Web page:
The University of Dar es Salaam College of Humanities, through its History Department, on October, 2023 launched its Methodological School on slavery and post-slavery, the first of its kind in Tanzania and East Africa.
Inaugurated by two renowned historians, Dr. Clélia Coret from the French Institute for Research in Africa (IFRA), Nairobi, Kenya, and Dr. Salvatory S. Nyanto, from UDSM History Department the school is designed to tackle the less-explored history of slavery and its impact on modern East African societies,
According to Dr. Nyanto, the Methodological School would run a series of lectures and workshops from October 26 to November 6, with a weekend short break.
The school commenced with a presentation delivered by Dr. Clélia Coret, a historian specialized in slavery and post-slavery on the Kenyan coast, who stressed on the significance of the Methodological School, especially its in examining slavery within the global context and compare its manifestations in various regions.
She highlighted the importance of addressing research themes that have recently gained momentum, such as social stigmatization inherited from slavery, gender perspectives, and museography of slavery.
“The aim is to encourage new research by facilitating theoretical and methodological transfers with a view to acquiring new theoretical and practical knowledge”, she said.
Dr. Coret pointed out that while many parts of the world had made significant progress in understanding the legacies of slavery, East Africa remains relatively understudied. Despite pioneering research in the region by scholars like John Iliffe, Frederick Cooper, Jonathon Glassman, and Marcia Wright, “the post-slavery period is only now beginning to receive attention”.
She said that the European SLAFNET project under Prof. Marie-Pierre Ballarin and the ERC-project, "The Aftermath of Slavery in East Africa," directed by Prof. Felicitas Becker, have played crucial roles in supporting this research dynamism and facilitating collaboration between African and European researchers.
“Today, this research needs to be reinjected locally in East Africa and translated into training courses for African students”, she emphasized.
Dr. Coret also pointed out that the Methodological School received 41 applications for participation, with 29 applicants (15 male and 14 female participants) selected for this year's program. These attendees come from various backgrounds, with. They represent Tanzania (17 attendees), Kenya (8), Uganda (2), and West Africa (2).
“Their academic disciplines vary, with 19 students specializing in history, 5 in archaeology, 2 in religious studies, 1 in Kiswahili studies, 1 in tourism, and 1 in psychology. The selection process aimed to create a diverse and interdisciplinary group of participants”, she said.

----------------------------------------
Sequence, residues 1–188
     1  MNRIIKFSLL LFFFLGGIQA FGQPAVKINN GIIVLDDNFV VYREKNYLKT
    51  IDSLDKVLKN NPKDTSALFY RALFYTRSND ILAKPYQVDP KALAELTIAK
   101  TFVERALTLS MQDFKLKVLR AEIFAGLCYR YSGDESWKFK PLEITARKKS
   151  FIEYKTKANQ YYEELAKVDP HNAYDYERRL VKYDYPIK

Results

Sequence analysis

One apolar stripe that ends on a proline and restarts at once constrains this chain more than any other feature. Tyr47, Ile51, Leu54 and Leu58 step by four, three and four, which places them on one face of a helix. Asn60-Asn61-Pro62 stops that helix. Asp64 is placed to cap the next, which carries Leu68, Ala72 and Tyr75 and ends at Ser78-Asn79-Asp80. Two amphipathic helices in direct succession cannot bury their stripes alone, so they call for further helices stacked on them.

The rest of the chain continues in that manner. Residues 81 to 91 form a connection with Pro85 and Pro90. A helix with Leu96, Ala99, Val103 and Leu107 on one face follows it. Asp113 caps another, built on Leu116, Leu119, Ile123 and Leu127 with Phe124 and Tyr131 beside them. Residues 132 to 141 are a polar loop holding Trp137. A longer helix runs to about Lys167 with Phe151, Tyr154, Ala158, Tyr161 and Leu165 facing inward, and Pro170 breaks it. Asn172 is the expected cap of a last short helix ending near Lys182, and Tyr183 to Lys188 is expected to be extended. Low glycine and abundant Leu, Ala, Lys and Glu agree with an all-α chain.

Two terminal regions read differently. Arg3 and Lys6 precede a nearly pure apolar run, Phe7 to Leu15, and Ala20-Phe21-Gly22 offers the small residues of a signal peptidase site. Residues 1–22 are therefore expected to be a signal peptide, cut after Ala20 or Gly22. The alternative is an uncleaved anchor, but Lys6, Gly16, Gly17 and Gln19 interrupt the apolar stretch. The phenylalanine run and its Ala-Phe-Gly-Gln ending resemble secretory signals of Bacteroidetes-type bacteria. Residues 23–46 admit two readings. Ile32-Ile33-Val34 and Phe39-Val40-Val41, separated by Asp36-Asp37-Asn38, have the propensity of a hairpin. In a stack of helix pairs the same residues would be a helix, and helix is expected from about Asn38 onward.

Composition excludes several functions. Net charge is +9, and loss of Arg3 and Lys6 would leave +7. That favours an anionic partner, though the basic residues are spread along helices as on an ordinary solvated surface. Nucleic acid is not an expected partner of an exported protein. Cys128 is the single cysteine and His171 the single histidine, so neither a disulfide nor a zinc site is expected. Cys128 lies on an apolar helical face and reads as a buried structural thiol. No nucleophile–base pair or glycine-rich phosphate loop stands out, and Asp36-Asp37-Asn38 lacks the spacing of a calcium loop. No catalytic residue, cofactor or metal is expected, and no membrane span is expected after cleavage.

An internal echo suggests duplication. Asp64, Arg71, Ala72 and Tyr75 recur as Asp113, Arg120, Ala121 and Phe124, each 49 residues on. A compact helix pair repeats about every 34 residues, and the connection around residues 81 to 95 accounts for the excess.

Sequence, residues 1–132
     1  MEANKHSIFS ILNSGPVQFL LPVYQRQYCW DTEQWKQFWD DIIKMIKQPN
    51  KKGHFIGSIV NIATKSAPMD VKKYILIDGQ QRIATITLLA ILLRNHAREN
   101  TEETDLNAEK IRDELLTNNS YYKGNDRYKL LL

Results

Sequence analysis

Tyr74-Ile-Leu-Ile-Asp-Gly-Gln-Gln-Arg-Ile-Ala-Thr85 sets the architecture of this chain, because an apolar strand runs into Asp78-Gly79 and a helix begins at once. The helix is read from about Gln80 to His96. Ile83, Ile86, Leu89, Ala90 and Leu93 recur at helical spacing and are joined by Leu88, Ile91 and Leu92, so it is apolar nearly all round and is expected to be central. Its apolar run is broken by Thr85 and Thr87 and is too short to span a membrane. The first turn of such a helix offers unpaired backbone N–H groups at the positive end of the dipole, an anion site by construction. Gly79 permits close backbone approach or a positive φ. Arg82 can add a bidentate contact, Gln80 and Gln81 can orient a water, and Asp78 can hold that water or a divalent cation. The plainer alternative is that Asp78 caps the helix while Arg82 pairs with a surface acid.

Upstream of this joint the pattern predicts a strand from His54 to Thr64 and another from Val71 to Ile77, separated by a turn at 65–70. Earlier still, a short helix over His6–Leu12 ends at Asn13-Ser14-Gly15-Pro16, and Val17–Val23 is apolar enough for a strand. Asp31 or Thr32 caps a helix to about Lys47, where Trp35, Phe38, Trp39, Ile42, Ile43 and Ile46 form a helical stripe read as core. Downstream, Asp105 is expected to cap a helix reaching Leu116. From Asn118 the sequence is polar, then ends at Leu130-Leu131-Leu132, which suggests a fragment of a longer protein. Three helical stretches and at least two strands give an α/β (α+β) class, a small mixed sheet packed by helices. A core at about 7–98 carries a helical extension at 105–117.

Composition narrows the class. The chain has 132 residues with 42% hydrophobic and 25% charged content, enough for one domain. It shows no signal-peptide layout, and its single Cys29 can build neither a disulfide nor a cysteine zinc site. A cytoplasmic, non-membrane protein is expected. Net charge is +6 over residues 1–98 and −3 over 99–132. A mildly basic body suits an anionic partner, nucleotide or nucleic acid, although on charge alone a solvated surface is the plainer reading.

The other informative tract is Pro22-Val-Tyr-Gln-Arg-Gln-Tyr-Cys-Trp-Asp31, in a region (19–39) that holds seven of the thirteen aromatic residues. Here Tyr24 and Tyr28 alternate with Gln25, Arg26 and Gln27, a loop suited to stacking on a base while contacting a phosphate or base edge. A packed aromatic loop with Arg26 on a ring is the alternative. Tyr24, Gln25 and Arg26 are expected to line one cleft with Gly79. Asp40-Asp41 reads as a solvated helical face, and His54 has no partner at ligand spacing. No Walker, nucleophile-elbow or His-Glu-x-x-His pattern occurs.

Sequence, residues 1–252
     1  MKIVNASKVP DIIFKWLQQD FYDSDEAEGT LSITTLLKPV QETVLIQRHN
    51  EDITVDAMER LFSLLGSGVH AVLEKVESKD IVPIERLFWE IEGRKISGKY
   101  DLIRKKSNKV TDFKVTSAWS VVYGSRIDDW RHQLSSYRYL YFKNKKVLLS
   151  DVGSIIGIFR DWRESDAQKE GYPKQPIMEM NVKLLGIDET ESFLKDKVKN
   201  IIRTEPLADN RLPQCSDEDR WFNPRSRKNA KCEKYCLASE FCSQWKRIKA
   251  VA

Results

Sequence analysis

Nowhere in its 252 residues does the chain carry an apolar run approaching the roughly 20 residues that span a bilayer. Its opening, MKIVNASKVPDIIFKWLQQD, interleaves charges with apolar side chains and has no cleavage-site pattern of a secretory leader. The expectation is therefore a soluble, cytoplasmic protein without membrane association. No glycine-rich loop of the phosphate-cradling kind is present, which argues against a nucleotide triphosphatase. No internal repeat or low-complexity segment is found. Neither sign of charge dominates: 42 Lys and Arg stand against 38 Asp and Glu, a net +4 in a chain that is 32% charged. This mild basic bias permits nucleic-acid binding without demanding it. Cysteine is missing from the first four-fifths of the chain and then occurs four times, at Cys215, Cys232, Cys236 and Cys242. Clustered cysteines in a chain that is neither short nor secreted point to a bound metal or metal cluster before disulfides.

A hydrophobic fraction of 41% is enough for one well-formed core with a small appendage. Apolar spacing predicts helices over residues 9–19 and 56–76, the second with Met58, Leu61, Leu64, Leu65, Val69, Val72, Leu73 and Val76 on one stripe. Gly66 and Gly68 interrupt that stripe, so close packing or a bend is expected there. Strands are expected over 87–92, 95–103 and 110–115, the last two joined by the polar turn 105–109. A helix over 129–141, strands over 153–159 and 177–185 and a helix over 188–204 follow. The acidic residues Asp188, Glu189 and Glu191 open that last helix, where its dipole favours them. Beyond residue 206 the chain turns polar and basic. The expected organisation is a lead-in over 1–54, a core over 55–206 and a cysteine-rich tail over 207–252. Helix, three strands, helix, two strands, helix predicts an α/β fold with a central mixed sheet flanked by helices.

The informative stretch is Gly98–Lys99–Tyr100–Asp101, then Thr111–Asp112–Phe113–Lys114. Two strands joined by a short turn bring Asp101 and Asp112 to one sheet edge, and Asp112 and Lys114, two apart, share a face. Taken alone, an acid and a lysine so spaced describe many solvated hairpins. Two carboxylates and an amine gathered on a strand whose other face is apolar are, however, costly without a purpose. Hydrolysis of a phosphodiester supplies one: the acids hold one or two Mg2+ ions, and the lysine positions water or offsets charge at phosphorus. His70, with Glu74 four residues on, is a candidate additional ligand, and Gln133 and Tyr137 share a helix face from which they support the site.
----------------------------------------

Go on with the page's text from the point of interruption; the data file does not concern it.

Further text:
Challenges of studying slavery
Meanwhile, Dr. Salvatory Nyanto noted the challenges of studying slavery and post-slavery in East Africa. He acknowledged that the legacy of slavery was still regarded as a matter of shame and that ex-slaves' disappearance as a social category required lifelong efforts.
He also highlighted how slavery still affected societal perceptions of the enslaved in mainland East Africa, where they are often seen as weak, strangers, and second-class citizens.
Dr. Nyanto discussed the various sources available for studying slavery and post-slavery, including family stories, missionary records, and government archives. “These sources offer valuable insights into the experiences of former slaves and their lives after slavery, helping us understand their place in society, gender dynamics, and marginalization”.
He stressed that the Dar es Salaam Methodological School aimed to reinvigorate the study of slavery and post-slavery in modern African history by focusing on sources and methods. It also sought to address the practical and ethical challenges of researching and discussing this painful aspect of history.
“The school brings together students and academics from institutions in East and Central Africa to explore the sources, methods, and challenges of researching slavery in the twenty-first century”, he said.
The launch of the Methodological School at the University of Dar es Salaam marks a significant step toward shedding light on the often-neglected history of slavery and its enduring impact on East African societies. It is a testament to the university's commitment to promoting research and education on important historical issues. The school is expected to have a profound and lasting impact on the study of slavery and post-slavery in the region.